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W.H.O. Acupuncture, P.C. As Assignee of Bibi Gray and Leroy Taiste v. Infinity Insurance Company

New York Supreme and/or Appellate Courts SUPREME COURT, APPELLATE TERM, SECOND DEPARTMENT, 2d, 11th and 13th JUDICIAL DISTRICTS


October 16, 2012

W.H.O. ACUPUNCTURE, P.C. AS ASSIGNEE OF BIBI GRAY AND LEROY TAISTE,
RESPONDENT,
v.
INFINITY INSURANCE COMPANY,
APPELLANT.

Appeal from an order of the Civil Court of the City of New York, Kings County (Carolyn E. Wade, J.), entered April 12, 2011.

W.H.O. Acupuncture, P.C. v Infinity Ins. Co.

Appellate Term, Second Department

Published by New York State Law Reporting Bureau pursuant to Judiciary Law § 431.

This opinion is uncorrected and will not be published in the printed Official Reports.

Decided on October 16, 2012

PRESENT: PESCE, P.J., WESTON and RIOS, JJ

The order granted plaintiff's motion for summary judgment and denied defendant's cross motion for summary judgment dismissing the complaint.

ORDERED that the order is affirmed, with $25 costs.

In this action by a provider to recover assigned first-party no-fault benefits, plaintiff moved for summary judgment, and defendant cross-moved for summary judgment dismissing the complaint on the ground of lack of coverage due to the rescission of the automobile insurance policy in question, arguing that a conflict of law analysis required the application of Connecticut law. The Civil Court granted plaintiff's motion and denied defendant's cross motion.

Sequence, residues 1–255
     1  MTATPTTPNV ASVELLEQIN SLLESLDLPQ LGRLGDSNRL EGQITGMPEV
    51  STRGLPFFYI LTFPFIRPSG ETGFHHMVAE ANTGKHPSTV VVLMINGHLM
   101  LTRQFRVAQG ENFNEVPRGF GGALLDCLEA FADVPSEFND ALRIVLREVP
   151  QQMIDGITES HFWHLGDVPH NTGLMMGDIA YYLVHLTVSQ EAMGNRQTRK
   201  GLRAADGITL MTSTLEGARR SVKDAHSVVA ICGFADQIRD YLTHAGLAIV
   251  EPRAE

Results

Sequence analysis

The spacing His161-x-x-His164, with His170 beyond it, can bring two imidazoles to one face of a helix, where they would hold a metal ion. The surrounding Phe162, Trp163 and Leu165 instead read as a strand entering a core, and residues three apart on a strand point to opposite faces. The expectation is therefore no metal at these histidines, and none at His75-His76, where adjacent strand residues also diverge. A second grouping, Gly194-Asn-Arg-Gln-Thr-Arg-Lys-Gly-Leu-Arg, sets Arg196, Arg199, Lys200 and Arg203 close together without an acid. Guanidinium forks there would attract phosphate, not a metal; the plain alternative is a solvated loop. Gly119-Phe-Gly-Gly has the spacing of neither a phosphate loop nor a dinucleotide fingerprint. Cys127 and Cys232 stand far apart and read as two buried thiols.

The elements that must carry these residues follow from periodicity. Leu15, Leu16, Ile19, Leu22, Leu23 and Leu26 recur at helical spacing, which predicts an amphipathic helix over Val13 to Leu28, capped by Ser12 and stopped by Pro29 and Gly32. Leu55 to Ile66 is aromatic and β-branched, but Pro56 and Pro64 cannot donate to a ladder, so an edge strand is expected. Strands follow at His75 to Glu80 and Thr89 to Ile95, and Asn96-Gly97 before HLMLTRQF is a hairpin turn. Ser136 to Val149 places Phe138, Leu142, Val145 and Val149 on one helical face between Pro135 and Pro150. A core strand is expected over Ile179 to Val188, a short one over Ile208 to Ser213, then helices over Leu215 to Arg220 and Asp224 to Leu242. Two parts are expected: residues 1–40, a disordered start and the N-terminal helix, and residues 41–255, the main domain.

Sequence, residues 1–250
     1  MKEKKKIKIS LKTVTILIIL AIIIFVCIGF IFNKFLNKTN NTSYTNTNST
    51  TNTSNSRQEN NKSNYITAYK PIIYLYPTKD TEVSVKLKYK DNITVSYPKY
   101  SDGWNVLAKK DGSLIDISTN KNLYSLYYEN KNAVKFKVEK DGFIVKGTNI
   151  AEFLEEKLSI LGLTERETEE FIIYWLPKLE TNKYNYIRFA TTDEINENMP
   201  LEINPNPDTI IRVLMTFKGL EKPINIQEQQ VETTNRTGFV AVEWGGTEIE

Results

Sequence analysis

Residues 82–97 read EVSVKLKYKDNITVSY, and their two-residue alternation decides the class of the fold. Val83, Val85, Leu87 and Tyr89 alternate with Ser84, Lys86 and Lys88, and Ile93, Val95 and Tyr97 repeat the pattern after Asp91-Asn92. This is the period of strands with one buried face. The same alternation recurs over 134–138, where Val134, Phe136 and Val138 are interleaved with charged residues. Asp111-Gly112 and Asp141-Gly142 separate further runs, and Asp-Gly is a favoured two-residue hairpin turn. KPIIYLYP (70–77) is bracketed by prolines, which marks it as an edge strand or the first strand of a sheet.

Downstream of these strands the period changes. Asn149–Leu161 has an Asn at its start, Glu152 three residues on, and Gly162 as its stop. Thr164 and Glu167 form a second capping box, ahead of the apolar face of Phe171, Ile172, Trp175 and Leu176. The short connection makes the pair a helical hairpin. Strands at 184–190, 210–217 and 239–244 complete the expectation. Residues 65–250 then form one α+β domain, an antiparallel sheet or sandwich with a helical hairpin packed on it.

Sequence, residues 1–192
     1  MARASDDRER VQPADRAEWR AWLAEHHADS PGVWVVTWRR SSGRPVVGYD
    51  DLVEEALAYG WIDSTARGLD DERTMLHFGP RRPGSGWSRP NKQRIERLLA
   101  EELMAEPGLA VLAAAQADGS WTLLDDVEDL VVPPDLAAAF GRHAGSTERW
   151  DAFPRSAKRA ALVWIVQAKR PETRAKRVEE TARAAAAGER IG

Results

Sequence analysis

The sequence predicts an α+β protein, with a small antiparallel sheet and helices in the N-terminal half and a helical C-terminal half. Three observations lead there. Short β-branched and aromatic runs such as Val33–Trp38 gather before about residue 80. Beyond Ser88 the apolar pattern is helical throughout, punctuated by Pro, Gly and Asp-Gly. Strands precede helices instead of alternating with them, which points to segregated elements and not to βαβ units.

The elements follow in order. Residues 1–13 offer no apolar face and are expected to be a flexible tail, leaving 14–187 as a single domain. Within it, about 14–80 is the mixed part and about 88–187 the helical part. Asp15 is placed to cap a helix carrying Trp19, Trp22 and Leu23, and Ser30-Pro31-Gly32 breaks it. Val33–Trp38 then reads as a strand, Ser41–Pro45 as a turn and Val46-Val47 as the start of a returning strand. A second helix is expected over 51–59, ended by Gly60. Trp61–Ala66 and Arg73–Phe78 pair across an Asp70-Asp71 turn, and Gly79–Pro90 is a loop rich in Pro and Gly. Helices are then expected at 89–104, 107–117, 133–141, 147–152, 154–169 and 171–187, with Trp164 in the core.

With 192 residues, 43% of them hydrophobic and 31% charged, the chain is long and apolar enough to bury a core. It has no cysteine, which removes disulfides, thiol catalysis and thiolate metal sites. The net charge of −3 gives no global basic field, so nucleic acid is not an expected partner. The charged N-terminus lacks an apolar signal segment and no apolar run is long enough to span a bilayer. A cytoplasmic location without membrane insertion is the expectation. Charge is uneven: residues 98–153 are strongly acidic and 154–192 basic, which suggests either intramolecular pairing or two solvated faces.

Defendant issued the insurance policy in Connecticut to the insured, who purportedly resided in Connecticut, for a vehicle which was purportedly garaged in Connecticut. The only connection between the policy and New York is that the third-party assignors were injured while riding in the insured's vehicle in New York. Consequently, we find that Connecticut law is controlling under New York's conflict of law rules (see Matter of Government Empls. Ins. Co. v Nichols, 8 AD3d 564 [2004]; Matter of Eagle Ins. Co. v Singletary, 279 AD2d 56, 58 [2000]).

Although Connecticut law provides for a common law right to retroactively rescind an automobile insurance policy, in the case of Munroe v Great American Ins. Co. (234 Conn 182, 193, 661 A2d 581 [1995]), the Connecticut Supreme Court held that the Connecticut Legislature did not intend that an insurer's common law right of rescission as to innocent third-party victims, such as involved herein, survive the enactment of the Connecticut automobile insurance statutes. Therefore, any retroactive rescission of the subject insurance policy did not affect the rights of the innocent third-party assignors, and defendant's cross motion for summary judgment dismissing the complaint on the ground of lack on coverage due to the retroactive rescission of the automobile insurance policy was properly denied. Accordingly, as defendant raises no issue with respect to plaintiff's prima facie showing upon its motion for summary judgment, the order is affirmed.

Pesce, P.J., Weston and Rios, JJ., concur. Decision Date: October 16, 2012

20121016

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